Microsoft has recently slotted yet another addition to its already populated Windows lineup. The Windows 10 Pro Workstation edition brings some trickled down features from the enterprise edition, namely resilient file system support, persistent memory, faster file sharing, and support for server grade hardware.
Resilient file system (ReFS) uses a host of techniques to make data more fault tolerant. It can automatically perform auto correction using mirrored storage space and integrity streams. It’s also optimized for handling large data volumes.
Persistent memory uses non-volatile memory modules (NVDIMM-N) to store data and is designed for applications that need absolutely the highest access speeds possible. NVDIMMs are magnitudes faster (and more expensive) than even the fastest PCIe SSDs we use today.
Faster File sharing comes in the form of SMB Direct, which lets Remote Direct Memory Acess (RDMA) network adapters access the memory directly. This method of access allows data to be directly transferred onto the network without needing to go through the host’s operating system and CPU. Benefits of SMB Direct include lower latency, high-throughput, and less CPU utilization.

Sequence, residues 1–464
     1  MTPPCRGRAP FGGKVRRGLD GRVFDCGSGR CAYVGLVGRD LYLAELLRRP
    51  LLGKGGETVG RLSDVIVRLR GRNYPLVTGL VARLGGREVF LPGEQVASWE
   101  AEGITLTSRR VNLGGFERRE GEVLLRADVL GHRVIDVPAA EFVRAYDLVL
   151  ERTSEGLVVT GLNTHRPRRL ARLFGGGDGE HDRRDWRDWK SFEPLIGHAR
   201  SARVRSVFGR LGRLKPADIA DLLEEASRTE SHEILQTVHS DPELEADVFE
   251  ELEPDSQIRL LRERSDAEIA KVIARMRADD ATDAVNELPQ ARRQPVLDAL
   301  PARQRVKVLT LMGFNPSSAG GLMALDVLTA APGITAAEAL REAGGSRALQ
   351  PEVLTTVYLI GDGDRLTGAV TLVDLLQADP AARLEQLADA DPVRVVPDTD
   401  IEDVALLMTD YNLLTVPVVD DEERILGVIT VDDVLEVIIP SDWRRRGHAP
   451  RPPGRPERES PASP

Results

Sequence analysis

Windows 10 Pro Workstation can support up to four CPUs in a single cluster (Windows 10 Pro can support two), 6TB of memory, and Xeon or AMD Opteron processors and their respective motherboards.
We can see how Windows 10 Pro Workstation can be a cheaper alternative to than shelling out the license for a fully fledged server operating system for users who just want a powerful productivity setup. Microsoft didn’t mention in the blog post if Windows 10 Workstation also includes any management features from the Enterprise and Server edition of Windows.
Source: Microsoft Blog